Jessup Moot Court Team Advances to International Round for Record Third Consecutive Year
A team of University of Virginia School of Law students will advance to the international round of the Philip C. Jessup International Law Moot Court Competition for a record third year in a row after finishing second in the Mid-Atlantic Super Regional on Sunday.
The team — captained by second-year law students Virginia Newman and McCoy Pitt and also including Colin Downes '15, Omar El-Khattabi '15 and Lieselot Whitbeck '14 — bested Georgetown to advance to the final round from a regional field that also included the University of Pennsylvania and George Washington University.
"They were fierce competition," Newman said. "So many teams had prepared so well, it just becomes apparent that people live and breathe Jessup when they're competing in it."
Downes and Pitt also were honored as the first- and fourth-place oralists, respectively, and the team's memorial (the international law version of a brief) placed third overall. A victory over Georgetown in the semifinal secured the team's place at the international rounds.
American University won the Mid-Atlantic Super Regional overall among a field of 24 teams that competed Feb. 22-24 at George Washington University in Washington, D.C. The international rounds, which convene 12 U.S. teams and finalists from a pool of more than 550 teams worldwide (including 140 U.S. teams), will be held the week of March 31-April 6 at the same location.
This is the ninth time the team has competed internationally in Jessup's 54-year history. The competition, sponsored by the law firm White & Case, will include judges from around the world and 150 teams from 80 countries, including from such far-flung places as Iraq.
"It is a tremendous opportunity to demonstrate the quality of the institution to a broad international audience," Pitt said. "At the International Rounds, we are not simply competitors, we are ambassadors for the school and we take this role very seriously."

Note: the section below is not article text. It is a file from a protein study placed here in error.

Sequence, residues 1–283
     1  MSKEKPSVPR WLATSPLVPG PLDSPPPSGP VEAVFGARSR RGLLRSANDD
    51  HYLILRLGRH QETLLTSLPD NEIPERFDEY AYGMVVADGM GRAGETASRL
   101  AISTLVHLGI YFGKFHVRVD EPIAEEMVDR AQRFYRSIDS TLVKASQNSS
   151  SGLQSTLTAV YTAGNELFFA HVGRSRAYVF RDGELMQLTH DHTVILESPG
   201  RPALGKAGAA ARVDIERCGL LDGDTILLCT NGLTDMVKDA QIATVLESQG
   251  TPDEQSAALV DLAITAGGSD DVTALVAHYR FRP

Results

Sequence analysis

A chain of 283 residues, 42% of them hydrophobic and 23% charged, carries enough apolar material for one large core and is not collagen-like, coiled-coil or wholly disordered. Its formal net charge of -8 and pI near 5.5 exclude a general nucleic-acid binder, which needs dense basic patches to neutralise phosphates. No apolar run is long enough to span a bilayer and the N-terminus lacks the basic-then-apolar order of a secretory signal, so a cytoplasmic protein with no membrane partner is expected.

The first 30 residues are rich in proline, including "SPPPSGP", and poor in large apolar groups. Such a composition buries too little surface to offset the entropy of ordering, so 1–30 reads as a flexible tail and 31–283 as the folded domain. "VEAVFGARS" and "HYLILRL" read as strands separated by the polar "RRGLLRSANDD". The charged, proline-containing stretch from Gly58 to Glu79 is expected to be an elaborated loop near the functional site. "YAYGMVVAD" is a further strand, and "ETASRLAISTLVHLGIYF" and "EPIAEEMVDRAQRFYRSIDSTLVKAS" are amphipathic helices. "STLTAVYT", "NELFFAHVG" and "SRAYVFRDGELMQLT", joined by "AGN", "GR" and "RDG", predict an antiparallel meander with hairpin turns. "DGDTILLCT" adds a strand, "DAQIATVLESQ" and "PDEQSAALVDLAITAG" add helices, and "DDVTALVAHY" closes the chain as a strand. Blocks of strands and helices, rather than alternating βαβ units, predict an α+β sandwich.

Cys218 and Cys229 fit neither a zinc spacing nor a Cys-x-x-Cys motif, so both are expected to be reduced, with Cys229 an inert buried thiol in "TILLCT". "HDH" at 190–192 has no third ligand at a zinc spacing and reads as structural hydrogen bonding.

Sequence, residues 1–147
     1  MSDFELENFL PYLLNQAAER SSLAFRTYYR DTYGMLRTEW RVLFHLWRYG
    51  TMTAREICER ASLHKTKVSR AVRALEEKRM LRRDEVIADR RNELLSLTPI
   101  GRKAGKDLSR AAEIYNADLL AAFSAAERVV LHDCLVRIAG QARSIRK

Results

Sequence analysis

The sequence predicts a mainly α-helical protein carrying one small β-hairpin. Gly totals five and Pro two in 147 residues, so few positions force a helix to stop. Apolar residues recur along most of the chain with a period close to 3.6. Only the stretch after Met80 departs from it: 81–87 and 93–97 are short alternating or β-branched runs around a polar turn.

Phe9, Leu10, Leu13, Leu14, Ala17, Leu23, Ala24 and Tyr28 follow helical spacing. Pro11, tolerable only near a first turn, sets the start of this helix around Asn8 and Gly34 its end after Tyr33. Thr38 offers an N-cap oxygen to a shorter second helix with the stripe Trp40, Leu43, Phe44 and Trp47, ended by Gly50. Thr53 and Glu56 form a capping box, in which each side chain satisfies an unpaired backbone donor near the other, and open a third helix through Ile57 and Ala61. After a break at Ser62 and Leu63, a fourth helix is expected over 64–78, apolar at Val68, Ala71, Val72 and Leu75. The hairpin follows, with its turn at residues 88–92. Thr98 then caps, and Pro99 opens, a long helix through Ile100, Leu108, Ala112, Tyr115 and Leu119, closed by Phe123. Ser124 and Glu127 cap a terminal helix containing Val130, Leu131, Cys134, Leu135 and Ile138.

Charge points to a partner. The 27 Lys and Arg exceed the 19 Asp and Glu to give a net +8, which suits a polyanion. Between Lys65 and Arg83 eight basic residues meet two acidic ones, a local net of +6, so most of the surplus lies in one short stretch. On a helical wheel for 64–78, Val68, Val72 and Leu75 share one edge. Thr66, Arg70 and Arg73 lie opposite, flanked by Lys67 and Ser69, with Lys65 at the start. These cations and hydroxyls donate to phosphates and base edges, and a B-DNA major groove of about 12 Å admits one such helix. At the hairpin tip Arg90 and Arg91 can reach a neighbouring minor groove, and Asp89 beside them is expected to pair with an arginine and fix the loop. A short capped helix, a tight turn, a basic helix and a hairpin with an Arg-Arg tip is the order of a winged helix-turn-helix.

Newman said the team aimed to advance beyond last year's finish in the top 20.
"Our goal this year is to get to at least the top 16, though I think we can get beyond that," she said. "I think this is a really special team this year."
Newman and Pitt attributed some of the team's success to a roster of coaches that included the Judge Advocate General's Legal Center and School Executive Director David Graham and Maj. Todd Lindquist. JAG School representatives have long helped coach UVA's Jessup and other moot court teams, and Graham, who won the national Jessup competition with a University of Texas classmate in 1971, has advised the Jessup teams for years.
"If we can moot in front of them, then I think we can moot in front of any practitioner in D.C.," Newman said.
Graham said the team profited "significantly" from Newman and Pitt's experience last year.
"They have used that experience — and lessons learned — to fashion a team, this year, of truly dedicated and accomplished oral advocates," Graham said. "While extensive knowledge of the international law issues dealt with is critical — and requires countless hours of research, study, and writing — the Jessup competition is, in the final analysis, a moot court exercise. Each member of this team has embraced this fact and, as a result, has worked tirelessly to hone those oral advocacy skills essential to succeed at this level of competition."